Pricing Tips: How to Compete on Price (Without Going Bust!)


It used to be that Web-only retailers could get away with checking their competitors’ prices, at most, once a week. Now, with e-tail behemoths like using dynamic prices to shift pricing on a dime (particularly on in-demand products), other retailers have to scramble to catch up.

Is this something you can or should catch up with? Maybe. Maybe not.

Let’s look at some pricing tips that can help you compete on price… without losing profitability. We’ll start with a review of Amazon’s strategy, then review smart tactics you can employ and how it all connects with conversion optimization.

What Exactly Is Dynamic Pricing?

Just as its name implies, dynamic pricing involves changing pricing as major competitors update their own prices, so you’ll likely always have the lowest price. In a world where comparison shopping is the norm rather than the exception, being able to stay ahead of the numbers isn’t just smart business sense, it’s survival of the fittest.


A chart of changing prices of large retailers on a month-to-month basis. Source: 360pi

How Often do Dynamic Prices Switch?

According to Internet Retailer:

In a study during the 2013 holiday season of items in the electronics, toys and hardware categories, price-monitoring technology vendor Ugam recorded 9,715 online price changes on between Nov. 24 and Dec. 14, far more than the number of price changes made by such major competitors as Best Buy Co. Inc., Target Corp., Wal-Mart Stores Inc. and Toys ‘R’ Us Inc.

“No one can keep up with Amazon,” says Jenn Markey, 360pi’s vice president of marketing.

She says Amazon might change a product’s price up to 10 times a day—more often on price-sensitive products, such as power tools, and less often for apparel. She says the most active retailers change prices daily on 15% to 20% of their product assortments.

As many as 20% of all online product prices change at least daily, with some of the hottest items changing price every few minutes, says Michael Paulson, vice president of product and business at, an online price-tracking firm recently acquired by eBay Inc.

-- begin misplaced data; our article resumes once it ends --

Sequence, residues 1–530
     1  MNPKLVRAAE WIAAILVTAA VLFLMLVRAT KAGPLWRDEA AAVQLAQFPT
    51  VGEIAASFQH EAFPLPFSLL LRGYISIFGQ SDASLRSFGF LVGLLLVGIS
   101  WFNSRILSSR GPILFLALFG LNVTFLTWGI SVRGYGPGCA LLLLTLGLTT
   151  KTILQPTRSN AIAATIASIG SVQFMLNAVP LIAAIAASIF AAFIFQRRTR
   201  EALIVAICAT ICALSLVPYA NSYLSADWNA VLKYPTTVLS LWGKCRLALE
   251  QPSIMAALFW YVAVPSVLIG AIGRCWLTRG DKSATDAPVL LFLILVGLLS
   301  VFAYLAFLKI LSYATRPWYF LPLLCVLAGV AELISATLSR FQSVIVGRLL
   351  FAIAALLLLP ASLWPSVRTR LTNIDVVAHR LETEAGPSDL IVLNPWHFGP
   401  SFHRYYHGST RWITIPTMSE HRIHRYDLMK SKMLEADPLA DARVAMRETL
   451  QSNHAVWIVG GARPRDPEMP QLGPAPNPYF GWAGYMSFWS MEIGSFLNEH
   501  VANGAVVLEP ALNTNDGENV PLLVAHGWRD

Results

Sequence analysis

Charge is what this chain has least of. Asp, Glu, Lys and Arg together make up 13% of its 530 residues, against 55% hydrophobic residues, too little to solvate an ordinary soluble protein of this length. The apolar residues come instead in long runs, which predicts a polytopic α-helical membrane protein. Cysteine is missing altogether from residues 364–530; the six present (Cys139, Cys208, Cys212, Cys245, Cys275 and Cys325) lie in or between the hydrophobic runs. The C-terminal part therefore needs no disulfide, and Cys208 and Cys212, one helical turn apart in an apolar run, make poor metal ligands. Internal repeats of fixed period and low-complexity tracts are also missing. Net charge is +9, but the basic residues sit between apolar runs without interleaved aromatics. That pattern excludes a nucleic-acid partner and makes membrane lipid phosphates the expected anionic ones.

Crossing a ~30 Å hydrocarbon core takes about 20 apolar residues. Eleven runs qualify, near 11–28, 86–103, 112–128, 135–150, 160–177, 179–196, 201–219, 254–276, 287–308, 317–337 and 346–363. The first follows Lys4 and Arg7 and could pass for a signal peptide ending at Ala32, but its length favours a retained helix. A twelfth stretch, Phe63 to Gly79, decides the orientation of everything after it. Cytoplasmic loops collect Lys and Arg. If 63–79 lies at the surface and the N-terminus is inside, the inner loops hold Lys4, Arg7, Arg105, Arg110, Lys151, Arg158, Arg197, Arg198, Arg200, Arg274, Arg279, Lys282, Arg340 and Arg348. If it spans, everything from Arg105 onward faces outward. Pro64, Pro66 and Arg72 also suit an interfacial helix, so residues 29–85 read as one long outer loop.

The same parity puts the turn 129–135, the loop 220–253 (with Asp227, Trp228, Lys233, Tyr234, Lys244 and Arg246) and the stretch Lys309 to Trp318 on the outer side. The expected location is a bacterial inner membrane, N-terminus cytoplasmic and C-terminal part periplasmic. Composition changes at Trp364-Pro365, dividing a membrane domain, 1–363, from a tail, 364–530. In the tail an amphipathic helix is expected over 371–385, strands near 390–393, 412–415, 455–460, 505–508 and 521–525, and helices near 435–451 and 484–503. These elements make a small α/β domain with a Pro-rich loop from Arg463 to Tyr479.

Is all hope lost?

Let’s face it, you’re going to have a pretty rough go of it if you’re going head to head with Amazon. But if you’re not, there are some ways to differentiate yourself without getting into a price war and trying to subsist on meager margins.

Be Ultra-Selective on the Products You Choose to Throw into the Competition

You don’t have to throw everything at the dynamic pricing wall and hope some of it sticks. When you stick to only the most in-demand, seasonal or other hot items, you can leave the margins for your other products alone.

splurge-saveGiving customers multiple options in their price range lets them splurge or save

The “must have” items will sell themselves, and even if you have to take a slight hit on profits, promoting accessories and other items to help the customer get the “full experience” or the “hottest look” may make up for the difference.

Reward Loyalty with Lower Prices

Selling online is all about negotiation—you give a little, in order to get a little. Customers know this, and will most likely upgrade their order or otherwise buy from you if you give them a compelling reason. For example, if you have a loyalty program in place, why not reward your best customers with discounts that no one else gets?

Offer Exclusives for Die-Hard Fans

Similar to the loyalty program, it has become a trend in recent years for major retail brands to offer new gaming console bundles specifically tied to a particular franchise. If the customer really wants that console, they’ll need to buy the store’s exclusive bundle to get it.


Of course, the lure being that they’ll either be the first, be exclusive or be one of the few to own that particular thing. With consoles being one of the most in-demand items of the holiday season, retailers can pad their pockets with the bundle bounty.